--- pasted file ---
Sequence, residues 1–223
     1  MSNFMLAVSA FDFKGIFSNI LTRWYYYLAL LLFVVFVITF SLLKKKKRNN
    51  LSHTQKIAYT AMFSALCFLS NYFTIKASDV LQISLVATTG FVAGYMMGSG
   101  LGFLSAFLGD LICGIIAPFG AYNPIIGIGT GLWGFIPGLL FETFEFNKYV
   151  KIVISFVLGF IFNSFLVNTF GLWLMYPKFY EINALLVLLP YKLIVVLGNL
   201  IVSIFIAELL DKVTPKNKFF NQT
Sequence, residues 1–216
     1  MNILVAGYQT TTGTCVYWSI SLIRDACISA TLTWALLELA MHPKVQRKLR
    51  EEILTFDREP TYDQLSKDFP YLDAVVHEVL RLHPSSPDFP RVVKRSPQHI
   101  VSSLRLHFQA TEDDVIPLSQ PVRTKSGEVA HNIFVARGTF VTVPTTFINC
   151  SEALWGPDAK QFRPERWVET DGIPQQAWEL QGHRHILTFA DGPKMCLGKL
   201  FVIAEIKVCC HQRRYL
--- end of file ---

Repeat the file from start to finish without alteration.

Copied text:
Sequence, residues 1–223
     1  MSNFMLAVSA FDFKGIFSNI LTRWYYYLAL LLFVVFVITF SLLKKKKRNN
    51  LSHTQKIAYT AMFSALCFLS NYFTIKASDV LQISLVATTG FVAGYMMGSG
   101  LGFLSAFLGD LICGIIAPFG AYNPIIGIGT GLWGFIPGLL FETFEFNKYV
   151  KIVISFVLGF IFNSFLVNTF GLWLMYPKFY EINALLVLLP YKLIVVLGNL
   201  IVSIFIAELL DKVTPKNKFF NQT
Sequence, residues 1–216
     1  MNILVAGYQT TTGTCVYWSI SLIRDACISA TLTWALLELA MHPKVQRKLR
    51  EEILTFDREP TYDQLSKDFP YLDAVVHEVL RLHPSSPDFP RVVKRSPQHI
   101  VSSLRLHFQA TEDDVIPLSQ PVRTKSGEVA HNIFVARGTF VTVPTTFINC
   151  SEALWGPDAK QFRPERWVET DGIPQQAWEL QGHRHILTFA DGPKMCLGKL
   201  FVIAEIKVCC HQRRYL